You can also watch this clip of the Vantage performance in which Simon discusses his upbringing in playing jazz in his dad's band in England. He does
have a history in jazz and wide, deep set of experience in playing styles, just different from many of the American masters (Philly Joe, Shadow, Roy, Elvin, etc.):
Obviously, Simon can play jazz, and this piece demonstrates that he can play it quite well and with some flair, as, I think, Steamer noted.
His kind of jazz playing reminds me of Bill Bruford's in Earthworks: very good, very accomplished, but different than players who immerse themselves fully in the tradition (e.g., when you listen to Miles, Coltrane, Monk, Herbie, Joshua Redman, etc., and hear the drummers there). As others have noted, Simon (and Bill) has extensive experience as a rock/fusion drummer, even though he (and Bill) started with jazz and had jazz as one of his first inspirations.
I think what's really at heart here is immersion. From my experience in teaching and research (in humanities, not music), if you want to really learn something well and do it well, then immersion is necessary--at least for most of us. Whether it is literary study, science, math, philosophy, a style of music, I think you must put in your time to inhabit the space of your field of study/interest. The more you do this, the better your chance at getting a deeper knowledge of your subject, and the easier it becomes for you to call upon such skills when needed.
Players like Blakey, Elvin, Haynes and most other greats mainly spent their entire careers mastering jazz and forging new directions in jazz. They were not playing rock sessions or fusion sessions or pop sessions. Not even Tony's hybrid Lifetime stuff is really rock, in my opinion; it is still heavily jazz oriented. A player like Simon has a bit of the Renaissance man about him, in a way: he can play a massive variety of styles extremely well, but by doing this perhaps he sacrifices time and focus. He is a solid all-around player, but, because of this focus, he will probably always have a hard time playing jazz at a deeper or more sophisticated level. This is not a criticism of him or his playing--it is just a simple observation of where a player has chosen to invest her or his time and energy. You can have a jazz player who has spent 40 years in jazz, while Simon has spent equal time mainly playing rock/fusion with some jazz and other styles mixed in. Will the jazz player sound different when it comes to jazz? Yes, because in this example the jazz player has a lot more focused experienced in a style. Whether people want to label that difference as "authentic," etc., is up to them, I suppose.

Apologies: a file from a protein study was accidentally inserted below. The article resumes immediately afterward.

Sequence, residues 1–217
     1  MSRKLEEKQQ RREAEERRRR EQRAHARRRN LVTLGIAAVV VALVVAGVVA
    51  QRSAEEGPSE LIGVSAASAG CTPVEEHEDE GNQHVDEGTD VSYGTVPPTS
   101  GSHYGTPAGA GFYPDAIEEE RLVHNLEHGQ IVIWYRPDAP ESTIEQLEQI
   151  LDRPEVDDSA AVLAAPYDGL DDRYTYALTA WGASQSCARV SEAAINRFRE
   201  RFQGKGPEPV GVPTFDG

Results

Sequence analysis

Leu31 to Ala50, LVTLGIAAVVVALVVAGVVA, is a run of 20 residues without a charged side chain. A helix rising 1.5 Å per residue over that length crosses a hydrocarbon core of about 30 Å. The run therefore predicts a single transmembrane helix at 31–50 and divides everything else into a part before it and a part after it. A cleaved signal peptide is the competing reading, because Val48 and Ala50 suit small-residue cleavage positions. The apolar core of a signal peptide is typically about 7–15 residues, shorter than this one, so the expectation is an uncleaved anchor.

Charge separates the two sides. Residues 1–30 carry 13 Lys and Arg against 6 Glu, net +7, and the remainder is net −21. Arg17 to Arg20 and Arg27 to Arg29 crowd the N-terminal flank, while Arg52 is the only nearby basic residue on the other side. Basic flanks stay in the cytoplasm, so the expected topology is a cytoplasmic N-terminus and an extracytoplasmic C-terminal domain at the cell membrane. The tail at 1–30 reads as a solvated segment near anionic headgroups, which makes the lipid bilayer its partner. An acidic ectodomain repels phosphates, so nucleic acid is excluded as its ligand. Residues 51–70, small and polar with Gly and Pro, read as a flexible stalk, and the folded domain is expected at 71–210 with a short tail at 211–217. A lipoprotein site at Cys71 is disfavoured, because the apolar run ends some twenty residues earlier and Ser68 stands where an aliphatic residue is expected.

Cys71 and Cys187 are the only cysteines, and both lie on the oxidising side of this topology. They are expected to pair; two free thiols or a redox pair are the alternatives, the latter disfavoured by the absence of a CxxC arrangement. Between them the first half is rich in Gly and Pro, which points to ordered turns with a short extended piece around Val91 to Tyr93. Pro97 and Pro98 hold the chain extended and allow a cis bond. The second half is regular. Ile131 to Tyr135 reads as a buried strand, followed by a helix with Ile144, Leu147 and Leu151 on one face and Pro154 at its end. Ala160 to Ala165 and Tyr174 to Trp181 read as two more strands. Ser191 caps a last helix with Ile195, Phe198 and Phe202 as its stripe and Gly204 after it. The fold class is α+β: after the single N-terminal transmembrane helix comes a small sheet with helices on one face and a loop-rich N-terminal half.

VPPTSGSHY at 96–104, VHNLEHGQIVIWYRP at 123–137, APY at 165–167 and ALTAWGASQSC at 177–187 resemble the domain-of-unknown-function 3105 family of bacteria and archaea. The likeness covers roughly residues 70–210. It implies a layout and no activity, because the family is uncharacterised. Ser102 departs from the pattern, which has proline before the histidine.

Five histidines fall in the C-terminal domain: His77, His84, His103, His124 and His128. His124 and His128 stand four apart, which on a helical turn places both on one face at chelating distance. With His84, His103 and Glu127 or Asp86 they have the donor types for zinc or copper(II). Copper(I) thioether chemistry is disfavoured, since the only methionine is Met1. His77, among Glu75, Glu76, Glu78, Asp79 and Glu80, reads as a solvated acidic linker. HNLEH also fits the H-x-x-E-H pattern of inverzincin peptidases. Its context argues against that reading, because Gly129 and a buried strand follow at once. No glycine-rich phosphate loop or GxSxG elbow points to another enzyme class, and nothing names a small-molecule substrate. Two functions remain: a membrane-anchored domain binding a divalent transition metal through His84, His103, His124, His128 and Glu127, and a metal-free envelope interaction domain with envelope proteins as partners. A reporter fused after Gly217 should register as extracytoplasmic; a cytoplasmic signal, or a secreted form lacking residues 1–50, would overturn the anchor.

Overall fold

Note: I will qualify my immersion argument by noting that if you don't learn how to study well and smartly, then there is a good chance that progression will not happen. Immersion, by itself, doesn't guarantee growth and mastery. Hence why we all benefit from good teachers (Alan Dawson, Ed Soph, Gary Chaffe, etc.)!
As for the point about the sound of Simon's playing, I think that has more to do with the fact that he's got clear heads on his Starclassic Maples and doesn't appear to have his bass or toms tuned to the usual high bop pitch. Tune up a bit and put coated heads on the drums, and they'll sound different.
I will add, as a side note, I'm glad to see Eric Harland's name mentioned in this thread. He is a phenomenal jazz player. I think he and Matt Wilson represent some of the best playing in jazz today: steeped in history but pushing forward at the same time, with fun experimentation.